Thoughts And Conclusions


On a person-for-person basis, this organization is one of the most productive organizations we've studied. Such high productivity usually comes not only from good development and management practices, but from a high commitment of time and energy from its developers. Such behavior should be encouraged through the reward system, and by recognition, as it was at Borland.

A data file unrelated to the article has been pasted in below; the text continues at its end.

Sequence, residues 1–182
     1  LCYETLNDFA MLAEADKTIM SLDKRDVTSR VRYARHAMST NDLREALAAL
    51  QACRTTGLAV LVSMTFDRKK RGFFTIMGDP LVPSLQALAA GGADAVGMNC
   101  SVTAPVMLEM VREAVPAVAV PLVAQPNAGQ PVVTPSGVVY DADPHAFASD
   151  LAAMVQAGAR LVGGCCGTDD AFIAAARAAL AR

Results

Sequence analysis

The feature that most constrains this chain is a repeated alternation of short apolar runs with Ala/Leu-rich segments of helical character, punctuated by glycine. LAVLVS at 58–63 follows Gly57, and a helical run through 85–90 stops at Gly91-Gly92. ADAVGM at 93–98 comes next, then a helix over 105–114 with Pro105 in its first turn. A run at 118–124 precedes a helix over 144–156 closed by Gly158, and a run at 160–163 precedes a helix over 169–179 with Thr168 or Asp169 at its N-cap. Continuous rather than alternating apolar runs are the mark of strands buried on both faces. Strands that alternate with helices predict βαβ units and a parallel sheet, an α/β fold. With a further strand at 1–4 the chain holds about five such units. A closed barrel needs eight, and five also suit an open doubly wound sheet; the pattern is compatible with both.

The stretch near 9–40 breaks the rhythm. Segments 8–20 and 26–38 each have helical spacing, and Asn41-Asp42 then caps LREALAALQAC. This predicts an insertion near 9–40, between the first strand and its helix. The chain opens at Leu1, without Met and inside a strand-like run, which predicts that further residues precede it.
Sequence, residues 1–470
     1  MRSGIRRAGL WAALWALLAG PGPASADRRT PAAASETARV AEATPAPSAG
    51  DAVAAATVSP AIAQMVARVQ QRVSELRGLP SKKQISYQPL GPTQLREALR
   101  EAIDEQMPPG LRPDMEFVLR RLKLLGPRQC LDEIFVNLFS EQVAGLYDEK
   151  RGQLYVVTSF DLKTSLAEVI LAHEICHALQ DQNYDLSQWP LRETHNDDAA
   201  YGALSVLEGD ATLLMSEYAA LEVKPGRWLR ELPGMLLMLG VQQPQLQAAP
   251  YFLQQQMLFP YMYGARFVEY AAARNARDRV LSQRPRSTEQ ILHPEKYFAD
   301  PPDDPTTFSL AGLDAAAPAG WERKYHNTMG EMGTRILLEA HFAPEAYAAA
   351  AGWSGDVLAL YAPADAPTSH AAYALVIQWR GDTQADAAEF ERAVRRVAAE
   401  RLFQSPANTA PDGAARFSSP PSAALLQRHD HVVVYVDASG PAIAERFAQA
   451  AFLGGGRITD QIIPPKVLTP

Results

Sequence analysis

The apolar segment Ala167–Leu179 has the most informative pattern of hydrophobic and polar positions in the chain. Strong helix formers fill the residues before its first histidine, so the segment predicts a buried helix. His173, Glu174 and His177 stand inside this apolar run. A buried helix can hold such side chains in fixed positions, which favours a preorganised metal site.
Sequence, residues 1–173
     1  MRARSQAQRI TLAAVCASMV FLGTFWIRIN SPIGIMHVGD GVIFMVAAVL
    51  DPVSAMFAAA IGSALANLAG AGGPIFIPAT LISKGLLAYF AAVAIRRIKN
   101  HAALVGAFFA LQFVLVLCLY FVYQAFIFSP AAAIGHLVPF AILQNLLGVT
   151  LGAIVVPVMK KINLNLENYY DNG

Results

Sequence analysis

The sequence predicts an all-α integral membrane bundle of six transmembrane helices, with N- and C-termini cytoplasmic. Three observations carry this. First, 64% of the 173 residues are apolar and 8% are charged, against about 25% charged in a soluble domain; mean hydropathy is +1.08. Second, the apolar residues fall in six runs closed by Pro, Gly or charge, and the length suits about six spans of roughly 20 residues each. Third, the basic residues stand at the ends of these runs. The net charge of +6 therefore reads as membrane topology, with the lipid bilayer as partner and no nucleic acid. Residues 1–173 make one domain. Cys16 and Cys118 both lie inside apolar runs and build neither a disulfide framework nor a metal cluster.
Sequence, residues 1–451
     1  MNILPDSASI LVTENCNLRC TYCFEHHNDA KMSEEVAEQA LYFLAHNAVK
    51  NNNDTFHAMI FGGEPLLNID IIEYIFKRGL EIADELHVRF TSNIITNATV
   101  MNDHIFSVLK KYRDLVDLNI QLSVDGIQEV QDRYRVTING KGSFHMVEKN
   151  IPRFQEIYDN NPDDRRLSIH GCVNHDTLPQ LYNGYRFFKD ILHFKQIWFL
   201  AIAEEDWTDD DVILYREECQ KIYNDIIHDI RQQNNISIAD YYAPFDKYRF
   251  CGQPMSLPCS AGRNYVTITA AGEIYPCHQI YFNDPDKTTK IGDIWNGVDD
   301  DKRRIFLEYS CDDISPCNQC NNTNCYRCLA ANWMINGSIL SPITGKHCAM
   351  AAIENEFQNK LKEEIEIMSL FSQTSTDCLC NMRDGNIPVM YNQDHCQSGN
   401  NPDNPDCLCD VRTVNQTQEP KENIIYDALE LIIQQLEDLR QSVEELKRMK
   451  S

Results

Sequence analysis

The small team dynamics of this organization have been the dominant factor in its prodigious success: The high degree of parallelism, the interrupt-driven development, and the use of concurrent engineering, are all related to the team size. Other similarities to Borland QPW include the high degree of trust between members of the project; the tight coupling with respected and influential management; the centrality of the architecture function; tight code ownership and software anthropomorphism; and the even distribution of communication across all roles in the organization. These latter factors characterize a true team. Such distinguishing characteristics of organization and process should be carefully considered as key factors that differentiate highly productive organizations from most contemporary software development efforts, and the mature practices they use.